This year's NBA Draft will be the 10th iteration in which no players are available straight from the pool of high school. Can you believe it's been a decade since Dwight Howard's star-crossed career took flight? Jeez. We are old, and time is a cruel spell.
Today's Draft Trends piece is looking at how franchises have gone about selecting players out of college. I've also included foreign-born picks as well, just for contrast's sake. The results might surprise you a little? They did for me.
With new commish Adam Silver seemingly set on raising the minimum NBA draft requirement to 20 years old/two years removed from high school, we could be seeing the final years of freshmen eligiblity. If it comes to that, how much will we be missing?
First off, the most surprising stat I came about for today's post.
Of all picks since 2005: 21.44 years old
Of lottery picks since 2005: 20.64 years old.
Oldest pick: Bernard James (27 years old in 2012, picked by Cleveland). After that, all of these fellas wer 25 years old on draft day: Vernon Macklin (Florida), Lester Hudson (Tennessee-Martin), Joey Dorsey (Memphis) and Stephane Lasme (UMass), all of whom were 25.
I'd have guessed the average age of an NBA pick since 2005 would've been in the 20.5 range. Truth is, these players on the whole have more experience than we're led to believe -- it's just that the most popular picks tend to be younger, so it's easier to tell (or lament) the story that way.
I tallied up all 540 picks since Andrew Bogut was taken first overall back in June of '05. Here's how it shakes out. Surprised by the number of seniors -- or freshmen?
If you take those overall picks and break them down to percentages, here's how they shake out since 2005.
Seniors: 32.2 percent
Compare that ratio to our latest mock draft from Gary Parrish.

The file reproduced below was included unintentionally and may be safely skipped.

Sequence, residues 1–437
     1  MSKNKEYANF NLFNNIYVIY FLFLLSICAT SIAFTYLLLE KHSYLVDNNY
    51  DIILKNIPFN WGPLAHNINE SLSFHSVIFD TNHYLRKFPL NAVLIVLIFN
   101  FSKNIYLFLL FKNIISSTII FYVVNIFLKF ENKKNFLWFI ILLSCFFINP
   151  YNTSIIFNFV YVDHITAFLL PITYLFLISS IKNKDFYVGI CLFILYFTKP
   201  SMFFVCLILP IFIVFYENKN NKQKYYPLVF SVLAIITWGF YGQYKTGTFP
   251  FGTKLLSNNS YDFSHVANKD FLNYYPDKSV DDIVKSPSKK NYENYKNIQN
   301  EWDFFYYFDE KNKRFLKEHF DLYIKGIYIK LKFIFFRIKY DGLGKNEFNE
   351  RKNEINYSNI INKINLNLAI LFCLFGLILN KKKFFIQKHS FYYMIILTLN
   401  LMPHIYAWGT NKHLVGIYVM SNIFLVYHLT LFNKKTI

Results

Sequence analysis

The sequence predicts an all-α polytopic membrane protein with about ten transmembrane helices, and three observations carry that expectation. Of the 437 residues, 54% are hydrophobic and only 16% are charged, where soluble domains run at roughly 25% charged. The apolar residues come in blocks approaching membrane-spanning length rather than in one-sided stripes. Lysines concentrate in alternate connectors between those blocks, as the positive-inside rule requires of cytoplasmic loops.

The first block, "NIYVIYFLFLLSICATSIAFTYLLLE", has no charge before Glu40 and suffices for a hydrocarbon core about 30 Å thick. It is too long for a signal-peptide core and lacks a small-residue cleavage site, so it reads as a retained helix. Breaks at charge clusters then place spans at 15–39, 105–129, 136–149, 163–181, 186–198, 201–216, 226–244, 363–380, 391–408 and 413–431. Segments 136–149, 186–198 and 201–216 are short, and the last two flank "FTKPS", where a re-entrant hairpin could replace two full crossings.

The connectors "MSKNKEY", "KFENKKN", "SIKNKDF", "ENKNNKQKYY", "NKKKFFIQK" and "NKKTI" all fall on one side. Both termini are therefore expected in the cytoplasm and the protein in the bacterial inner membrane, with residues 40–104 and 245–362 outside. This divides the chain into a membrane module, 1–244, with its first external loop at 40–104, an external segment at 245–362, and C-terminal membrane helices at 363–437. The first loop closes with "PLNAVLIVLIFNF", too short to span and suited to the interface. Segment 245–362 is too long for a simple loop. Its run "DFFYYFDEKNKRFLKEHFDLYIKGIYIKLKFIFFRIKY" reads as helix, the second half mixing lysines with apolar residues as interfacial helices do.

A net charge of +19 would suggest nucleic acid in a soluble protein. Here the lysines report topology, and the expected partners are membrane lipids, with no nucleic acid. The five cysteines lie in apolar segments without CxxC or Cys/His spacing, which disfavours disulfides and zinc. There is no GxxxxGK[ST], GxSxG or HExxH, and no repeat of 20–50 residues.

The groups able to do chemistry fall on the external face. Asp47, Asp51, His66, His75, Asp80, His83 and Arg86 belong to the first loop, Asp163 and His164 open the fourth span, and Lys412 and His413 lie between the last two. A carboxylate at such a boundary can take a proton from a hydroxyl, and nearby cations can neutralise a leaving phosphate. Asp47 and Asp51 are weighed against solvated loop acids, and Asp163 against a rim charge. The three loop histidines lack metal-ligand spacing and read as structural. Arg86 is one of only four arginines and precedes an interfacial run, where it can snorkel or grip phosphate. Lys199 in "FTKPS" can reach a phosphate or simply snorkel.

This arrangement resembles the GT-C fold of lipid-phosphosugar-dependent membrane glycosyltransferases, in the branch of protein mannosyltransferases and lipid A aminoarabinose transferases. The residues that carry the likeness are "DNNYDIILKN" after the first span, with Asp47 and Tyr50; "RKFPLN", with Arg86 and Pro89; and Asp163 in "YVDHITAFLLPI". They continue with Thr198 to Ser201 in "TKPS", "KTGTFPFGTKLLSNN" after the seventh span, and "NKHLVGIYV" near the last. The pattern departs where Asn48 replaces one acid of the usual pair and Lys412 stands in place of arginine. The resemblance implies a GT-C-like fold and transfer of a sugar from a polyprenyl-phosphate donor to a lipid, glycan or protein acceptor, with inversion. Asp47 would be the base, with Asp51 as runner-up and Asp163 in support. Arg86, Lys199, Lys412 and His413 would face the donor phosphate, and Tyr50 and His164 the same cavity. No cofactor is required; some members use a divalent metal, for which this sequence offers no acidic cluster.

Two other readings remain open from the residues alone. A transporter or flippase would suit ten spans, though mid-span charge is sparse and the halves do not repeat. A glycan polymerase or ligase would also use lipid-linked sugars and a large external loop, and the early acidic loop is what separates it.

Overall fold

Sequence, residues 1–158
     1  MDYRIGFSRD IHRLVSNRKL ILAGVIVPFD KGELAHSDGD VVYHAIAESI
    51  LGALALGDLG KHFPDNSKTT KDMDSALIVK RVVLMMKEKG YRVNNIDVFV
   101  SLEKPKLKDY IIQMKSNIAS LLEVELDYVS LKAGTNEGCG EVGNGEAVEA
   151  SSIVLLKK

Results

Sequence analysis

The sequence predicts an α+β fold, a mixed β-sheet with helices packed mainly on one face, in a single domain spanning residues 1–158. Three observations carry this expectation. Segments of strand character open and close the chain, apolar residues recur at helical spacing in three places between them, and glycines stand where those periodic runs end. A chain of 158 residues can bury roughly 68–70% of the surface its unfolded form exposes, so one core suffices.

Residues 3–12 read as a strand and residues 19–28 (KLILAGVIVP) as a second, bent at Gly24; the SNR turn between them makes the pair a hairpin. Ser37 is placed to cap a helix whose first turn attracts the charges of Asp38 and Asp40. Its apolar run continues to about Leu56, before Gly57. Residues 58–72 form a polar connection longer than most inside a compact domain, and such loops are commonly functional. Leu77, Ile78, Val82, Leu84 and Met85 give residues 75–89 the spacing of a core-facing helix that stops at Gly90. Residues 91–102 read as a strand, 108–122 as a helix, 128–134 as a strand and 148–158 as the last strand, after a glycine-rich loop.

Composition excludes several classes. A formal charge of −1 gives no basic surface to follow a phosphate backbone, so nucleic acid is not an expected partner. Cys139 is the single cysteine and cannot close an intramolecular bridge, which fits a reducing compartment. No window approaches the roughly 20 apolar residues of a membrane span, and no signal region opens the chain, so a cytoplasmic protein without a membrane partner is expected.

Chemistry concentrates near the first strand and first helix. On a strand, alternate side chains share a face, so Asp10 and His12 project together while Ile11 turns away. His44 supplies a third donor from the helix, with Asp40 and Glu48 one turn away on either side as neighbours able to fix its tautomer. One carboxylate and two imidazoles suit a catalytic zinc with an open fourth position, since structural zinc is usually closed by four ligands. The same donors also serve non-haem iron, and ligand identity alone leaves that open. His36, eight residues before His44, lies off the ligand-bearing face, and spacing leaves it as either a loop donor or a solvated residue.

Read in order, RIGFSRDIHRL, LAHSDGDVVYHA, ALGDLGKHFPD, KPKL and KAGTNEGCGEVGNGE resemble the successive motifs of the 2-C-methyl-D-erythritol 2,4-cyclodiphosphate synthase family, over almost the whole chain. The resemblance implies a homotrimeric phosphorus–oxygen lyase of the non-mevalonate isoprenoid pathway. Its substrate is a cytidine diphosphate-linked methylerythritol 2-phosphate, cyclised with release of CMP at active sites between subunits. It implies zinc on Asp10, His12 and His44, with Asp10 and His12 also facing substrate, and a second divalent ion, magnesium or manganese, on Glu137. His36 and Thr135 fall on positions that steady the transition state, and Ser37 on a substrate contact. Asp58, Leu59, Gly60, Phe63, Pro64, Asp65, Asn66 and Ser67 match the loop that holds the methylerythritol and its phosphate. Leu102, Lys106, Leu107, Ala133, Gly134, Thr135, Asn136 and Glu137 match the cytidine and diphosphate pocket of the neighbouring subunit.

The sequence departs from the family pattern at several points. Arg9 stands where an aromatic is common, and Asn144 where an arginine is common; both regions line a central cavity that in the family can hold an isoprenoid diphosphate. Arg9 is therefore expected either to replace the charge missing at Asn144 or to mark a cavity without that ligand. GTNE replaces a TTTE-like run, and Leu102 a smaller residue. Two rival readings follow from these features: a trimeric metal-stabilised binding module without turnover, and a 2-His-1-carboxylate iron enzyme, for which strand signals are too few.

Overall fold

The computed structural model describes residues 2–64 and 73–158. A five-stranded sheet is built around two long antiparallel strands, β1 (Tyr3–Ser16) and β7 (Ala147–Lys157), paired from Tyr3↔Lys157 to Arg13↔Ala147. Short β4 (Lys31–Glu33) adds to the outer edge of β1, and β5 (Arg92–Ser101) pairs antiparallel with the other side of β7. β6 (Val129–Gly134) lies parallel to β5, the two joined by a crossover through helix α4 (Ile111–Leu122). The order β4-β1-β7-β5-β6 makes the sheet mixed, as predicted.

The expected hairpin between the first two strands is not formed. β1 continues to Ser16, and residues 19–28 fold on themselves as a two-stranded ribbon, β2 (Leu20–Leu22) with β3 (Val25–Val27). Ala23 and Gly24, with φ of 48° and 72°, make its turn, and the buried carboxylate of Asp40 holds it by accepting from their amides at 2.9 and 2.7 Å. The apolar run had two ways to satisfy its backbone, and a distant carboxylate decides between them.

Seniors: 26.6 percent
Now, these are just projections, and if I took Matt Moore or Zach Harper's forecasts, the percentages would be different (but still in the same ballpark). Point is, seniors are still running the roost across both rounds. It's a pretty positive development for doyens of the college game. There's been an erroneous message that's been passed along over the past 15 years or so that staying four years hurts your draft stock. It really doesn't.
But it does hurt your odds of being taken in the lottery, and to a lesser extent, in the first round.
Here's the proof.
It makes sense in a lot of ways. The more experience in college you have, the less mystery there is to your game, and a lot of bad teams are drafting based on potential, hope, a wish that the best is yet to come. There still remains a widespread belief -- and this is objectively based in some truth -- that seniors seldom have enough evolution in their game to warrant being taken in the top three, five, 10.
But when we look at the progression of picks per class/foreign-born players since 2005, the data shows freshmen and foreigners have endured the most erratic path to getting picked.